to the trove, that brown water. Contraband, pidgin...

heartstrings, you're hushing me. Behooves me

to win back the things that are mine, washed from

that river's impersonality.

Find the nearest thing to praise

"He often could not give you the name of a plant, for every part—roots, fruit, leaves, bark—had its own name. Nor could he simply label a fruit tree without listing all the animals and birds that depended on it. His understanding of the forest precluded the narrow confines of nomenclature." (Wade Davis, One River)

Quiet Heap of Blue Rope

Cloud shadows on the brown water, dark spots, the color of the river before the rainy season. We sneak over the gate on the upper deck, to the private cabins. To be in the headwind, to read and rest, just the two of us without the noise of the televisions. We lean against a mattress propped against the front cabin's wall. Here, it is bright and unvisited. A few pages turn. It is too beautiful, too much temptation, too much quiet, to read "efficiently"—a little girl diaper-toddles around the corner. She stares at us and he, alarmed by his daughter's pause, arrives in his boxers and picks her up. "You cannot be here." For a moment, we pretend not to understand. She is staring at us. He waits for us to stand, to pick up our water and books, then carries her to their cabin.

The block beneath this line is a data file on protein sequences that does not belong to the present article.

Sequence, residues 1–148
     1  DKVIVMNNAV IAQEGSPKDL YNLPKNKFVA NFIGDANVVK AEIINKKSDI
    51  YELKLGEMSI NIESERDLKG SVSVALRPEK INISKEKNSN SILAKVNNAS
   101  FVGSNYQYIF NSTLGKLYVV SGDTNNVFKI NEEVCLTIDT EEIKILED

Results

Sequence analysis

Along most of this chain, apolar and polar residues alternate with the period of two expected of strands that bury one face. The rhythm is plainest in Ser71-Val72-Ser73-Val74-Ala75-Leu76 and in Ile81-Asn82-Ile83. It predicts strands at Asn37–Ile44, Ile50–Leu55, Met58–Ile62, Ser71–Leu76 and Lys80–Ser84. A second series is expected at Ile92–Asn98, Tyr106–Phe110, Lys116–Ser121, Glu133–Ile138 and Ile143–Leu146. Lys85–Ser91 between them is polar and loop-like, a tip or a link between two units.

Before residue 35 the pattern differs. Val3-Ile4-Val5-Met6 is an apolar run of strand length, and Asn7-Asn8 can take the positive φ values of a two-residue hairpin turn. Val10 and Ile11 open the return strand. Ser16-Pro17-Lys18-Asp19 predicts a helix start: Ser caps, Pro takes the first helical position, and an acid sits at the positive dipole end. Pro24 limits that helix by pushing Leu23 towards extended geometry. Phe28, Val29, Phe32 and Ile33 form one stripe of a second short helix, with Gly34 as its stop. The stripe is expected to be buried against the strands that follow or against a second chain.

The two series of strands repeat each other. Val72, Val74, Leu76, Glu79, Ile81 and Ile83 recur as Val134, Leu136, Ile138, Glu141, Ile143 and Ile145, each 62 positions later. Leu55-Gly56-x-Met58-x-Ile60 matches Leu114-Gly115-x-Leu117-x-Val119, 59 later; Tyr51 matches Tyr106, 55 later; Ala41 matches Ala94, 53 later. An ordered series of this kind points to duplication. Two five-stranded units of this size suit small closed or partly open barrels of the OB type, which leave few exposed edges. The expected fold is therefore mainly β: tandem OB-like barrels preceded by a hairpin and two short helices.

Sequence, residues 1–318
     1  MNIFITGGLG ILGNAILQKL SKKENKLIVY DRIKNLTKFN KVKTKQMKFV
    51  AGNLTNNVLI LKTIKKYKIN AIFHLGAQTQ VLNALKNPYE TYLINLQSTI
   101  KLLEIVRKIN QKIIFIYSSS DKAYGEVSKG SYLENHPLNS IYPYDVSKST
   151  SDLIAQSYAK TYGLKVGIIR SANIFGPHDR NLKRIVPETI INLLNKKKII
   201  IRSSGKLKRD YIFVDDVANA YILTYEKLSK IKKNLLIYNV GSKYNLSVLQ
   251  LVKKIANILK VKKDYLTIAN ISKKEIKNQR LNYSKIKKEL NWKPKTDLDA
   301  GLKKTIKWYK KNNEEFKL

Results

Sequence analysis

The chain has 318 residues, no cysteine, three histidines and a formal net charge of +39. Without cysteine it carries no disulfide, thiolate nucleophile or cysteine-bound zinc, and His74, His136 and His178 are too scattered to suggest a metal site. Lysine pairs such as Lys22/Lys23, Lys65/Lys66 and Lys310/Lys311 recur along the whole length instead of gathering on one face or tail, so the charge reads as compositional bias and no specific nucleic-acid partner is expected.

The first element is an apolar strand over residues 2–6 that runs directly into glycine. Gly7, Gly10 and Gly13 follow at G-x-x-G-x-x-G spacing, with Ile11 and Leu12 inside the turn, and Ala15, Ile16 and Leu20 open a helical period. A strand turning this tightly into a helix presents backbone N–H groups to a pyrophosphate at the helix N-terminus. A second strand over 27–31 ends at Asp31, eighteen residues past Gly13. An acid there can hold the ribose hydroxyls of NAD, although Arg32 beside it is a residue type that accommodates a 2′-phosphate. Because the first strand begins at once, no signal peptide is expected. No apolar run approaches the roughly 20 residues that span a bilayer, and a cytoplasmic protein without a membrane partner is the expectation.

Strawberry-red doll. Canyon of pink rock—we point out our dissatisfactions

with ourselves. I prefer 'the negative-constellations.'            Cement christs, clement-

christs—megaliths that break the geometry of the holy-route.            Be careful

when you travel on a river—what you think about on moving water becomes your path—three children

cuddle in their hammock.

Behind a motorcycle on the bow of the cargo deck